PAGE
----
I got some good feedback on my last post about binary search, and thought it was worth a follow-up post.

## An important fix

First things first: commenter Globules pointed out that doing `(l+r) `div` 2`

can overflow; my initial, glib answer was “sure, you have to be careful when doing arithmetic with fixed-sized integers”, but then I realized that it was easily fixable in this case! So I replaced that formula with `l + (r-l) `div` 2`

which won’t overflow, even when searching for values near the top of the range of a fixed-sized integer type.

## An entirely frivolous distraction that I spent way too much time on

With that out of the way, let’s get to the more interesting discussion. Several commenters took issue with my use of `unsafeCoerce`

to convert `Double`

into `Word64`

and do binary search over bit representations for floating-point numbers, and they raised some good points:

- Even if, in the context of competitive programming, we’re not particularly concerned with maintainability or safety, there’s no guarantee that
`unsafeCoerce`

will behave the same on our local machine as on the judging machine! For example, the endianness might be different. - Worse, it
**just plain doesn’t work**: my worry about the bit representation of negative numbers looking*bigger*than that of positive numbers, because of the sign bit, was actually a very valid worry. It just so happens to work when searching for positive numbers, but when searching for negative numbers it goes into an infinite loop!

In my defense, I got this idea from Jules Jacobs’s original article… but looking at it again, there is a key footnote that I hadn’t noticed before:

*I’m assuming that f2b respects ordering, that is, comparing f2b(x) < f2b(y) gives the same result as comparing the floats x < y. Depending on the bit representation of floats, one would have to shuffle the mantissa and exponent and sign bits around to ensure this.*

Oops, of course! It turns out there are a lot of things about the IEEE-754 standard which make this work nicely for positive numbers: the exponent is stored first, with a bias so we don’t have to deal with signed exponents, and the mantissa is always understood to have a leading 1 bit which is not stored. For positive floating-point numbers and , it’s already the case that if and only if their IEEE-754 representations, considered as unsigned integers, are in the same order! This is very clever, and it seems it was done this way on purpose, so that hardware comparison of floating-point numbers can be fast. And this is what made my example in the previous post work at all.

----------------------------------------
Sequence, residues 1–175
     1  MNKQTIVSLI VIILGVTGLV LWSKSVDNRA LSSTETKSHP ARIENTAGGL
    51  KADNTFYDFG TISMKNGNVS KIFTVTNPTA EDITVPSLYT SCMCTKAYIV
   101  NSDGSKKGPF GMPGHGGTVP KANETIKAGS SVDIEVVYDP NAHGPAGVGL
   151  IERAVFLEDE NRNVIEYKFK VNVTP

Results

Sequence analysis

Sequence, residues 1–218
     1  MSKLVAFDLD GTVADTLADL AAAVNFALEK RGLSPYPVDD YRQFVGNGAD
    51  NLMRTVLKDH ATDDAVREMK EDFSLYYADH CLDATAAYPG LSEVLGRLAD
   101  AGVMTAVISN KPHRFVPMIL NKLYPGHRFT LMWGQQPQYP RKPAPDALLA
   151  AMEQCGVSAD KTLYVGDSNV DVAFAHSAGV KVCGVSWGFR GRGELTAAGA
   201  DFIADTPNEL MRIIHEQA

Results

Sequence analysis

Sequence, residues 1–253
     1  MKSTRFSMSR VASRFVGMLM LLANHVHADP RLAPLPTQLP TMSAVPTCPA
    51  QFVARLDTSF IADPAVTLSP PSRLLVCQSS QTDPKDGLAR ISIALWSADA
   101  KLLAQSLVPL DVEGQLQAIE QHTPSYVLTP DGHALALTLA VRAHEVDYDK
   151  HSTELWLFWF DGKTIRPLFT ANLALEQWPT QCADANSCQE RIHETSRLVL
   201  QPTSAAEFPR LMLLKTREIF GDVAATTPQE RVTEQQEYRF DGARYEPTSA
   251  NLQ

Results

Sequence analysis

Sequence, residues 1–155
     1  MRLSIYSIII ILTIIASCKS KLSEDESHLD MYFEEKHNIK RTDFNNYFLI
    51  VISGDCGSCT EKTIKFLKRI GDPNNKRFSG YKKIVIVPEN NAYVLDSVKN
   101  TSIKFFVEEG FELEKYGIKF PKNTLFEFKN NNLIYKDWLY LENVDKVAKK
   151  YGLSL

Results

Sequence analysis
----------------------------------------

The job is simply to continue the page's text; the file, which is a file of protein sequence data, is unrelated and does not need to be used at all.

However, for negative numbers this doesn’t quite work. First of all, the high-order bit is the sign bit, so negative numbers all appear larger when interpreted as unsigned integers. Interpreting them as signed integers doesn’t work either, because they are just stored as a sign bit and a magnitude, as opposed to signed integers which are typically stored using 2’s complement, so negative floating point numbers are “backwards” compared to the interpretation of their bit pattern as (signed or unsigned) integers. But this is not hard to fix; commenter babel linked to a reference explaining exactly how to do the required bit-twiddling. Essentially, we always flip the sign bit, and flip all the other bits too if the sign bit was set.